I’m not quite sure why I started thinking about Sooty Terns today, but once I did couldn’t get them out of my mind so I may as well harness that and do a post on them. They are, I think, the most numerous species of seabird in the tropical Pacific I haven’t done a post on yet. If not, then certainly the loudest. Their name in Hawaiian is ewa ewa, literally “cacophony”, and another name for the species is wideawake tern, which is how they’ll leave you at first. They manage this noise not only through individual effort but their habit of breeding in dense, large colonies. Such is the racket they make that the one time I entered a colony without earplugs I was actually disorientated after five minutes.

IMG_1500Sooty Tern colonies are busy, noisy, crowded places.

I spent time with the Sooty Terns when I worked on Tern Island in French Frigate Shoals, in the north of Hawaii. They utterly dominated the island in numbers, cramming 100,000 or so birds into the thin strip of land either side of the kilometer long runway. Everywhere you went, regardless of what species you were actually studying, you had to content with thousands of these little guys making their displeasure known to you. It’s hard to say if this made them any louder, as my ears can’t distinguish between loud and louder beyond a certain point, but they did certainly jab our feet with their bills; being isolated marine species they lacked the evolutionary knowledge to fly away from us.

angry etrnThis tern isn’t happy with me being close to its tiny patch of island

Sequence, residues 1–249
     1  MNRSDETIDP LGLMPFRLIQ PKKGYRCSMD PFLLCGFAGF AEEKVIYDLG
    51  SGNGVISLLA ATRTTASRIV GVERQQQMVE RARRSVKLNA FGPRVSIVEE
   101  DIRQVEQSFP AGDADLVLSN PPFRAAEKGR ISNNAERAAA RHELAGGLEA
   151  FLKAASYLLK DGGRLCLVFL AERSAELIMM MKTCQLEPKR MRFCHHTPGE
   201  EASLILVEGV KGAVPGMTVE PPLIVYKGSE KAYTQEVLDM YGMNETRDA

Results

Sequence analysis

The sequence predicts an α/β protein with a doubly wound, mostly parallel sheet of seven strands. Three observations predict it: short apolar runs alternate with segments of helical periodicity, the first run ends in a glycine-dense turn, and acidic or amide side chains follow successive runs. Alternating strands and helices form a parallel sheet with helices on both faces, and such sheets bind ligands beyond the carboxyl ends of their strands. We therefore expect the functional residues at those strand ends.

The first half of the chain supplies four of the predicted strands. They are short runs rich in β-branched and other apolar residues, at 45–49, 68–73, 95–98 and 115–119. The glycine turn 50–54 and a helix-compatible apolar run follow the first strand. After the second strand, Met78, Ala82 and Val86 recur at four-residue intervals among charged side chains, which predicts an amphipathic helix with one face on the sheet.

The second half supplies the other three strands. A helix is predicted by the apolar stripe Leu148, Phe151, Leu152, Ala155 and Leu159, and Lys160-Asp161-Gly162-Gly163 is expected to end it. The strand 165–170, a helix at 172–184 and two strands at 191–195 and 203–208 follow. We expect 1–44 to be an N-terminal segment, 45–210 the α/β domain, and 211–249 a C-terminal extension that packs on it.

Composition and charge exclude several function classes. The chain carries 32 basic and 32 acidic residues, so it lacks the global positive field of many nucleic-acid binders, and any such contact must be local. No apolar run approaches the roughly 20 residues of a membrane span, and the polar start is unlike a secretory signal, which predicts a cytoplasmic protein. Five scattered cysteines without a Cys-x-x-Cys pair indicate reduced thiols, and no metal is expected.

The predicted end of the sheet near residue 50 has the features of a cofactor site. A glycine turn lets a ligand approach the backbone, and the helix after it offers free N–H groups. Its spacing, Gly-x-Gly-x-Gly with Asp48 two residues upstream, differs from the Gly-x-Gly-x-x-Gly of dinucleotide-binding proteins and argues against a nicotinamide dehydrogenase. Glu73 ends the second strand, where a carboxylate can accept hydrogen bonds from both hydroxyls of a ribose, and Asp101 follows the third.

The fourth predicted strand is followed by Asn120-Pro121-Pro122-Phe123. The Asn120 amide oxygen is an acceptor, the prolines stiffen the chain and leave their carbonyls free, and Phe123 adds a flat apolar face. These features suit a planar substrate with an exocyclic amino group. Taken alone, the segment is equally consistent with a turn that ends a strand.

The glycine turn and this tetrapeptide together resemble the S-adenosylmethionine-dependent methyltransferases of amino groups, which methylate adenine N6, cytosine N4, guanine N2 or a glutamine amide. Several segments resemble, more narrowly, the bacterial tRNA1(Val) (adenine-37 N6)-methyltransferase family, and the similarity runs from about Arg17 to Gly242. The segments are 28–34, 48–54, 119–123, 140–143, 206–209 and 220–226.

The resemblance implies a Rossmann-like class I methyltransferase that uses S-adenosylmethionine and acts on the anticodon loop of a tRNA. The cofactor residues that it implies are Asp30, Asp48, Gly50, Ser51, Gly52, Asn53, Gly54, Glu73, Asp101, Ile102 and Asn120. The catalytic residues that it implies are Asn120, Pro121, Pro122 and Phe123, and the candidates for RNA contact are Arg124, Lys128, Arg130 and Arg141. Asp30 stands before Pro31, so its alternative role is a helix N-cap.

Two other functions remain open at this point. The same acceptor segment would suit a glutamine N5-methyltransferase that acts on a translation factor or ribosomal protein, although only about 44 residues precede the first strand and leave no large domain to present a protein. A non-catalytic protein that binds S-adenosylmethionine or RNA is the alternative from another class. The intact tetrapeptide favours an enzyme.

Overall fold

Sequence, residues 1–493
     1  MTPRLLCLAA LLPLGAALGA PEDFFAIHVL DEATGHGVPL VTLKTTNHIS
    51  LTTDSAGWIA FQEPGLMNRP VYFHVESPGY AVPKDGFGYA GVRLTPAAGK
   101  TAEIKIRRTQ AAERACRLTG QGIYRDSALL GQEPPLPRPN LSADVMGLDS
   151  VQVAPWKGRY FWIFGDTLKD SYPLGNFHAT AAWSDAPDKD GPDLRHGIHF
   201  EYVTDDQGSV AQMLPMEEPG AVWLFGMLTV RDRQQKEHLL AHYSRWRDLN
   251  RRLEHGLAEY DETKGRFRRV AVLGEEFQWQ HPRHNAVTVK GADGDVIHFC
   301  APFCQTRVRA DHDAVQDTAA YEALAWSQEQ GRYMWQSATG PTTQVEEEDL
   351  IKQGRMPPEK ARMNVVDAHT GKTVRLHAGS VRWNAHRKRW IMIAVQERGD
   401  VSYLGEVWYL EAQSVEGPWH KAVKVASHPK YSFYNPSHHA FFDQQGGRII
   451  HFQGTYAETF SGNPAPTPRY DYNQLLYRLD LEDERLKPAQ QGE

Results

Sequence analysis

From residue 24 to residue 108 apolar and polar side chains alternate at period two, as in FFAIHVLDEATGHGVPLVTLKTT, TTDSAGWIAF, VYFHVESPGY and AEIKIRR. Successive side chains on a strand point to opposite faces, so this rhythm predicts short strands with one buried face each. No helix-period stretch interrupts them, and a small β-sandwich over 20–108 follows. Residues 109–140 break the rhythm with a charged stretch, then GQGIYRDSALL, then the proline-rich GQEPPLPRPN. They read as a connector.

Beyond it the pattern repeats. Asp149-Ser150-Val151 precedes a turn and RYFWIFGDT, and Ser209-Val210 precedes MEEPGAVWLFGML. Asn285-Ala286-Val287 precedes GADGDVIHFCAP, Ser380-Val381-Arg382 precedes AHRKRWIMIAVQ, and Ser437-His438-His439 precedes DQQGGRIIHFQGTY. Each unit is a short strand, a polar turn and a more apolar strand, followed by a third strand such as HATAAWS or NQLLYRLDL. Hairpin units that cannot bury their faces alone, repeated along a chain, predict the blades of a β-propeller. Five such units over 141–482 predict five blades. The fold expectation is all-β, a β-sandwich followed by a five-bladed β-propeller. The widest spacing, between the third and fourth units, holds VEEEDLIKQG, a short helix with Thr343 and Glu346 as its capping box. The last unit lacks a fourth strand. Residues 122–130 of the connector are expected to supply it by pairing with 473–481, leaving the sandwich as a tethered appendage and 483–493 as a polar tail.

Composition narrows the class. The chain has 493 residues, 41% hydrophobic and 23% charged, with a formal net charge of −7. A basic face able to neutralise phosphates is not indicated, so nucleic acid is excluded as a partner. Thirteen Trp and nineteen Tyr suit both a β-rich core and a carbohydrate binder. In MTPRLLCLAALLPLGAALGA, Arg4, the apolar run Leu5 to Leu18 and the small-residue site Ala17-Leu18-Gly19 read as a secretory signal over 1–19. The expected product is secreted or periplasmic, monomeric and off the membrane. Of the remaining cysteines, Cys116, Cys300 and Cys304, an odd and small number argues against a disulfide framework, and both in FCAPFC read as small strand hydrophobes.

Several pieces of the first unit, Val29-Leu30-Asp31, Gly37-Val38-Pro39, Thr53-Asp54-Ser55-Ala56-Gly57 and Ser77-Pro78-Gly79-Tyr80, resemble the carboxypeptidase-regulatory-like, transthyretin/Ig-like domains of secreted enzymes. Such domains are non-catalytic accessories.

head ternThey are so tame they even land on you, although never to show displeasure.

followEven when they aren’t angry they are often interested in you.

quiet sooty ternAn adult during a rare quiet and reflective moment.

Sterna_fuscata_flightSooty Terns are superb fliers. After breeding they can spend months at sea without landing before returning to land.

chickA Sooty Tern chick in the gawky phase. The mammoth like thing behind is an albatross chick.

terns and albatrossIts easy to overheat, so the shade of a convenient Black-footed Albatross chick is sought-after.

frigate_sootyPart of the reason for the aggression is that predators are around. A Great Frigatebird snatching a chick.

albino sooty tern

An albino Sooty Tern fledgling

Sterna_fuscataAs well as being remarkable birds, they are also striking and attractive as well.

IMG_0768And they live in beautiful locations.

Written by Duncan
Duncan Wright is a Wellington-based ornithologist working on the evolution of New Zealand's birds. He's previously poked albatrosses with sticks in Hawaii, provided target practice for gulls in California, chased monkeys up and down hills Uganda, wrestled sharks in the Bahamas and played God with grasshopper genetics in Namibia. He came into studying birds rather later in life, and could quit any time he wants to.